|London, 13 Feb 2005.
For immediate release.
"How low can these people sink? One can imagine happy youngsters opening their mail with the excitement of receiving a valentine card from a girlfriend, boyfriend or admirer - only to be confronted with this."He continued:
"The most horrifying aspect is that it is likely that some of those receiving this card will have lost a loved one. One can only begin to imagine the anguish and upset such a cruel trick will cause."ABD Road Safety Spokesman Mark McArthur Christie added:
"We have for years been attempting to persuade the authorities to send out genuinely useful road safety advice such as how to predict hazards and adjust speed to suit. This would be a valuable exercise as most of the small number of accidents, contributed to by excessive speed, occur entirely within the speed limit. Proper education messages on how to set speed for the conditions would be far better received and acted upon by our young drivers than yet another scare tactic containing no useful information. But the Government is only interested in 'driving by numbers' and scaring/punishing drivers into complying with limits whilst not showing the slightest interest in tackling the real problem of dangerous and careless driving."
|Dear Mr xxxxxxxxxx,
I would like to begin by expressing our apologies for the way you feel about our campaign.
As you may be aware, young drivers are a vulnerable group on the roads. Casualty figures demonstrate they are particularly at risk, accounting for 10% of driving licences but involved in 23% of accidents - sometimes because they drive too fast.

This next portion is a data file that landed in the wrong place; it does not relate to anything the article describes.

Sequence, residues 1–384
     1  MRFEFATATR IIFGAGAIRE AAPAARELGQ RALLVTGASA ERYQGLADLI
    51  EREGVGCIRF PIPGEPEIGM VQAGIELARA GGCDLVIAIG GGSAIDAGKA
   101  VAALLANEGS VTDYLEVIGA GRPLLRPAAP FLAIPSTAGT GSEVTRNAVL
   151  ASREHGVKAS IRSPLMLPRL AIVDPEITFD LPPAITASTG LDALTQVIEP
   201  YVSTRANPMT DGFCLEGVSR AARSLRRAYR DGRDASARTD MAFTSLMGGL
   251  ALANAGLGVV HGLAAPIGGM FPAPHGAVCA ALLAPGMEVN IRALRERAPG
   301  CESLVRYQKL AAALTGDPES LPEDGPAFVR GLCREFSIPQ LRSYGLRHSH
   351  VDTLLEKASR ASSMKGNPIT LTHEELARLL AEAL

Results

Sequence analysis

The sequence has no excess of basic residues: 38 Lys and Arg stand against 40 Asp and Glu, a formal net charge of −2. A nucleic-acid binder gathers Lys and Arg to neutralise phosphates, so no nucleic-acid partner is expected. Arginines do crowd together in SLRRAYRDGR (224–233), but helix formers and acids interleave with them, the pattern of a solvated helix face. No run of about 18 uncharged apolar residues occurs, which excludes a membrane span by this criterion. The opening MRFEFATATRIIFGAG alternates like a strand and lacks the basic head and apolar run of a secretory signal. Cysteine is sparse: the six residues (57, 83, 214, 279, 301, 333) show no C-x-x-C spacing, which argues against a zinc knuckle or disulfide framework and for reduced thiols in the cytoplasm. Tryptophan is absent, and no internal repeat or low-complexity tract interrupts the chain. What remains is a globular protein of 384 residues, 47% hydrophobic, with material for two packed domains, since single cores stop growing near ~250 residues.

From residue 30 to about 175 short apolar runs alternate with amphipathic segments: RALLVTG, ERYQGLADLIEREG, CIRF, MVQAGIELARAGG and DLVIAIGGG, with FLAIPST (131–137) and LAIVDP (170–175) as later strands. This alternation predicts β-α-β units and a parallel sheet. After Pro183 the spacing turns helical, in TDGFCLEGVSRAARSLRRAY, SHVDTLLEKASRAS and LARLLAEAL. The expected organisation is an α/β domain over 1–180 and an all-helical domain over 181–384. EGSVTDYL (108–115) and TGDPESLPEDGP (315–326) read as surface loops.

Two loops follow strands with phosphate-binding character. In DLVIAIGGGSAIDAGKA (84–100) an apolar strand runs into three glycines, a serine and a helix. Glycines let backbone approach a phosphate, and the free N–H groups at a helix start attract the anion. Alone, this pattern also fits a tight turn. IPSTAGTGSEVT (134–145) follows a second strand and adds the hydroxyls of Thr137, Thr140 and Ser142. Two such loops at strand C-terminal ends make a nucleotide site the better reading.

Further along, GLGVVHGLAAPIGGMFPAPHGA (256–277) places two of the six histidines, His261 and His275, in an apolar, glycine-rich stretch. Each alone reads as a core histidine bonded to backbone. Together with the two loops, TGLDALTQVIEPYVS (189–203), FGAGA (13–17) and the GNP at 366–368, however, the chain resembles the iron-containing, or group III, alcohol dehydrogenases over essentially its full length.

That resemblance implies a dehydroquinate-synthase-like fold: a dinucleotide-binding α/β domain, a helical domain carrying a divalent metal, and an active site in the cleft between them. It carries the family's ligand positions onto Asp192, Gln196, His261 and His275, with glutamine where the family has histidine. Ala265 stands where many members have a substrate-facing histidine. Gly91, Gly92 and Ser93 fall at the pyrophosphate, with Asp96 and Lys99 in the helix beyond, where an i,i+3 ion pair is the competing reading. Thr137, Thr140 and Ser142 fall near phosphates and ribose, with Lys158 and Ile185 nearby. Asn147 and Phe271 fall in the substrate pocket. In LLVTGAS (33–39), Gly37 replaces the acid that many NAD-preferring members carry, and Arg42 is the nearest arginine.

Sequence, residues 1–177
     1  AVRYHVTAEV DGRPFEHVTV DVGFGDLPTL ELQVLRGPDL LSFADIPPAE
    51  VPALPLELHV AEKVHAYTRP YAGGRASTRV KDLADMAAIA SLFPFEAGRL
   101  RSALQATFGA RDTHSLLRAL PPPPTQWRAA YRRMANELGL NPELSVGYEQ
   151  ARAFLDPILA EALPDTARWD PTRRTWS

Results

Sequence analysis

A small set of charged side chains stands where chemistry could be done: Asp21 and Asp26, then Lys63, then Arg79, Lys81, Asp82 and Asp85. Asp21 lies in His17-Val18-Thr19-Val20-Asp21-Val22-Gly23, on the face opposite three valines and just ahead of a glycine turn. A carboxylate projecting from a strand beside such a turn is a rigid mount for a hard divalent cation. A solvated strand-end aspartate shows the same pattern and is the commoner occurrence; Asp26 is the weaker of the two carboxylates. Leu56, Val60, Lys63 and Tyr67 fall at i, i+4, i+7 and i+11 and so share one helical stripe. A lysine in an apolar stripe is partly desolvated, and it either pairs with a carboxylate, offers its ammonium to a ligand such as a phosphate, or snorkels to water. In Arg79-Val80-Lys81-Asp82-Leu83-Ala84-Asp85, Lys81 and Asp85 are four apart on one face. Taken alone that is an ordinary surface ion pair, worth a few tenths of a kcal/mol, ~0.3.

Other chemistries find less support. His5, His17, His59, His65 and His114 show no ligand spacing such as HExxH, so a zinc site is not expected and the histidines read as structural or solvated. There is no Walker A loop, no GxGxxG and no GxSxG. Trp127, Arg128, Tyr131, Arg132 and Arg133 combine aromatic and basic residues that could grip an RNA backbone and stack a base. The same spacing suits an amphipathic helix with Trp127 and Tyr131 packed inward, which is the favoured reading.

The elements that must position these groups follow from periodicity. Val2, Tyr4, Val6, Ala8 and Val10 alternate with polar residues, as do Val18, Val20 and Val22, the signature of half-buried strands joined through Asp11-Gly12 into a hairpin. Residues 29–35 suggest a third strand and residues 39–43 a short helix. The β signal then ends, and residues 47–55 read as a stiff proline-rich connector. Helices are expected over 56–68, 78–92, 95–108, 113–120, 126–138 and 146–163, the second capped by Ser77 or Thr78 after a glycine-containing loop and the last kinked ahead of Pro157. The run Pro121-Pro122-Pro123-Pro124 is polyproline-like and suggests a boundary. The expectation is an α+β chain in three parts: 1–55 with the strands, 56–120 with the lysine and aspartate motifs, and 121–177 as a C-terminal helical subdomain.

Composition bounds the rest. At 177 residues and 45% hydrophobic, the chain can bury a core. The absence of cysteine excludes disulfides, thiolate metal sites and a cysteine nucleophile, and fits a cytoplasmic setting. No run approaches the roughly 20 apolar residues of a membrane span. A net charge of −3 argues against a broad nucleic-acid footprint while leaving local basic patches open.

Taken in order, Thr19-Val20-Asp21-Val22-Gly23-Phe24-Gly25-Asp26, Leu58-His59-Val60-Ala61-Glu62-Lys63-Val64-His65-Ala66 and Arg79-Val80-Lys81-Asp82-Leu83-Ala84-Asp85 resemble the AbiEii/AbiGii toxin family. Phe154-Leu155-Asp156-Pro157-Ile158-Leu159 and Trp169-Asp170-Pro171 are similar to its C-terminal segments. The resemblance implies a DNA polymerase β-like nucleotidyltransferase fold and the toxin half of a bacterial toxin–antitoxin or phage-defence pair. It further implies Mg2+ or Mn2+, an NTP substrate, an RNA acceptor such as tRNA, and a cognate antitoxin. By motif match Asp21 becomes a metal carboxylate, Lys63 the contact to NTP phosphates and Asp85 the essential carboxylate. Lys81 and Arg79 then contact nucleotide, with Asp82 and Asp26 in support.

Young drivers are also particularly difficult to communicate road safety messages to. Prior to the launch of the campaign in 2001, extensive research was undertaken with young drivers, including the impact of the Valentines card. The research concluded that like you, they found the message shocking - but admitted it made an impact and encouraged them to think.
Last year 80,000 of these cards were distributed in the run up to Valentines Day which resulted in a handful of comments such as yours. However, a significant amount of positive feedback was received, applauding the strong impact. Indeed, the campaign's effectiveness won a Prince Michael International Road Safety Award in 2004.
The London Safety Camera Partnership is committed to reducing the number of accidents and injuries on London's roads caused by speeding and red light running. As part of our commitment to road safety, we work with families and charities that have lost loved ones in accidents, to address the main issues and to deliver messages in the most effective manner. Indeed, For my Girlfriend has received the support of a family who lost their daughter:
Mrs Giulietta Galli-Atkinson, whose daughter was killed in a road collision in 1998 said:
"My 16 year old daughter was killed when a car mounted the pavement on which she travelled along it. The car had first demolished, and driven over, a two-metre metal post and injured another pedestrian, before hitting and dragging Livia to her death. The tragic fact is that nearly all fatalities and injuries on our roads are preventable. These are not accidents - they are caused by appalling irresponsible behaviour, speeding being one of the most common infringements. A speeding vehicle is a lethal weapon. Campaigns such as these, warning young drivers about the dangers of speeding and the role of safety cameras are both necessary and vital in helping reduce the number of young lives devastated or lost on our roads".
We are really sorry that the card has understandably upset you. I hope you can appreciate that our objective is to reduce the number of avoidable tragedies on London's roads and we believe this campaign will be effective in achieving this.
We greatly appreciate your comments and in light of your personal situation, we have decided not to run the Valentines card scheme again.
On behalf of Tom Duckham
LSCP Project Manager.